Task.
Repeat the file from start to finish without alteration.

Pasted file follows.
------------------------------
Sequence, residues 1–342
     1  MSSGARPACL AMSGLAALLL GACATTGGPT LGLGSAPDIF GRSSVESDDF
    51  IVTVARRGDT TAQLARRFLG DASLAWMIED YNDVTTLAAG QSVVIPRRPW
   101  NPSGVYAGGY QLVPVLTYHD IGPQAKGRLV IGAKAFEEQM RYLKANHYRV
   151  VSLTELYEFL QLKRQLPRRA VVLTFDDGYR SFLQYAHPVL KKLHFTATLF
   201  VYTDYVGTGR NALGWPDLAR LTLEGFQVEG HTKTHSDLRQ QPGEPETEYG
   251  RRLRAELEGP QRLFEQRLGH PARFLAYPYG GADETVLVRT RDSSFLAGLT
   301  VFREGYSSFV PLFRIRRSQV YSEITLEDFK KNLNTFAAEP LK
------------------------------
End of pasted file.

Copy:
Sequence, residues 1–342
     1  MSSGARPACL AMSGLAALLL GACATTGGPT LGLGSAPDIF GRSSVESDDF
    51  IVTVARRGDT TAQLARRFLG DASLAWMIED YNDVTTLAAG QSVVIPRRPW
   101  NPSGVYAGGY QLVPVLTYHD IGPQAKGRLV IGAKAFEEQM RYLKANHYRV
   151  VSLTELYEFL QLKRQLPRRA VVLTFDDGYR SFLQYAHPVL KKLHFTATLF
   201  VYTDYVGTGR NALGWPDLAR LTLEGFQVEG HTKTHSDLRQ QPGEPETEYG
   251  RRLRAELEGP QRLFEQRLGH PARFLAYPYG GADETVLVRT RDSSFLAGLT
   301  VFREGYSSFV PLFRIRRSQV YSEITLEDFK KNLNTFAAEP LK